A recent WalletHub article ranked Texas low on energy efficiency. Their study mainly focused on home energy efficiency and automobile efficiency, and the Houston press pointed out that the low ranking is not surprising given Texas’s hot climate, car-centric culture, and oil- and gas-industry driven economy. The recent ACEEE State Efficiency Scorecard ranked Texas as 34th. The state does have an energy efficiency resource standard (the first in the nation), there are incentives for efficiency, and new buildings are required to comply with the 2009 IRC and the 2009 IECC codes. However, since the establishment of the energy efficiency resource standard, the state has fallen behind. Their energy reduction targets are less aggressive than other states’, and cost caps on efficiency programs make it difficult for utilities to meet their savings goals. The Lone Star State also lacks integrated resource planning. Given its rapid population growth and demand for energy, the state should begin to look more closely at efficiency as a resource. While it’s not the worst state for efficiency in the nation, there is still lots of room for Texas to grow.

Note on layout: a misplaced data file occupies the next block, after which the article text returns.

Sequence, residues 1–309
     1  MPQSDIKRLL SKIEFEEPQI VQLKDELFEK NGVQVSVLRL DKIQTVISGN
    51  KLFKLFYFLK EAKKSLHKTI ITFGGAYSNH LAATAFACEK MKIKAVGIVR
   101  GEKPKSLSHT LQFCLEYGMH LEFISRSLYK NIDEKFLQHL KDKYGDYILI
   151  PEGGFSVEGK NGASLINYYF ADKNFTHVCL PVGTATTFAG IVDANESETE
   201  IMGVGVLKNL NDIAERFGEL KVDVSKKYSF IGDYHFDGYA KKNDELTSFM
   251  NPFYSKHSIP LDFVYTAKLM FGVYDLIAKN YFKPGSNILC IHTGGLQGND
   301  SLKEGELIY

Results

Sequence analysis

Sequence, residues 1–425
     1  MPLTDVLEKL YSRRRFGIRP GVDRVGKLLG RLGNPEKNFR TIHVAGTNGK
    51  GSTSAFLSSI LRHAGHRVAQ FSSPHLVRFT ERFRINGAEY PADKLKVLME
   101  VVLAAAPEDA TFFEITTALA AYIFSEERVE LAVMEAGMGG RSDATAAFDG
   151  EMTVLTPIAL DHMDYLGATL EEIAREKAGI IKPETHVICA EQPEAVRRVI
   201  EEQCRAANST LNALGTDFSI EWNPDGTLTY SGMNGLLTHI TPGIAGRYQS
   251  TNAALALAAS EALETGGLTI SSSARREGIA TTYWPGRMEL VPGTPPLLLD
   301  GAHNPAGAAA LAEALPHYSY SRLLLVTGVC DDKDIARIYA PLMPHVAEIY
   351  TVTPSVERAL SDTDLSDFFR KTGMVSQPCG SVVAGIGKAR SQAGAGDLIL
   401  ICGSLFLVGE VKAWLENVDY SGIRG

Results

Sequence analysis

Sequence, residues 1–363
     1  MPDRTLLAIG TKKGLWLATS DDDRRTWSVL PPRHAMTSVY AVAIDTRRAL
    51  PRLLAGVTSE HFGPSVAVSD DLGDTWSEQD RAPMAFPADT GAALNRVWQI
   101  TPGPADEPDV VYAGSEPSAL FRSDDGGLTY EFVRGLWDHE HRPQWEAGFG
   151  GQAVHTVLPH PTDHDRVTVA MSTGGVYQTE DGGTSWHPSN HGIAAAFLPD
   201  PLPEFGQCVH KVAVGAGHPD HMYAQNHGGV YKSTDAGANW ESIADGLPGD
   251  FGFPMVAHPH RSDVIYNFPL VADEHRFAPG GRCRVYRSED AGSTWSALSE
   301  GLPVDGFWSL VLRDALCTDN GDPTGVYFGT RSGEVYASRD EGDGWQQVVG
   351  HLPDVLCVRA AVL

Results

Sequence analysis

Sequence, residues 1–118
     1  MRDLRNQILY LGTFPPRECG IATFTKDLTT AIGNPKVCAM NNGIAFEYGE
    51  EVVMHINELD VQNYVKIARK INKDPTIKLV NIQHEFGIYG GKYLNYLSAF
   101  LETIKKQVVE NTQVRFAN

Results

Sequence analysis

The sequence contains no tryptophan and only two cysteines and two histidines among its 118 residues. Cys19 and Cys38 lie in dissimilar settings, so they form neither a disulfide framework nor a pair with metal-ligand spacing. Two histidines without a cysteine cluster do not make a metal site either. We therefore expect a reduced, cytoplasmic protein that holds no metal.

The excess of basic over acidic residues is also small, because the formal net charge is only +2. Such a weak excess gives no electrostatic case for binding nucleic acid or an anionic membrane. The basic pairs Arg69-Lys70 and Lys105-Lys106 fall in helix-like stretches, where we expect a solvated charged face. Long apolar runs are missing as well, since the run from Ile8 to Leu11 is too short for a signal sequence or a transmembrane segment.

Texas Is Terrible at Energy Efficiency, According to StudyHouston News, October 13, 2014
Houston is the energy capital of the world. We practically bathe in oil around here. So, it should come as no surprise to anyone that a recent study from Wallethub found Texas to be near the bottom of the list of states in energy efficiency. According to the study, Texas ranks 45th out of the 48 states in overall energy efficiency — Alaska and Hawaii were excluded — including 34th in home energy efficiency and 44th in car-related energy efficiency.
The only states with lower rankings were Kentucky, Louisiana and South Carolina. Vermont, New York, Wisconsin, California and Rhode Island top the list. Also not very surprising, the top 16 states are all north of the Mason-Dixon line.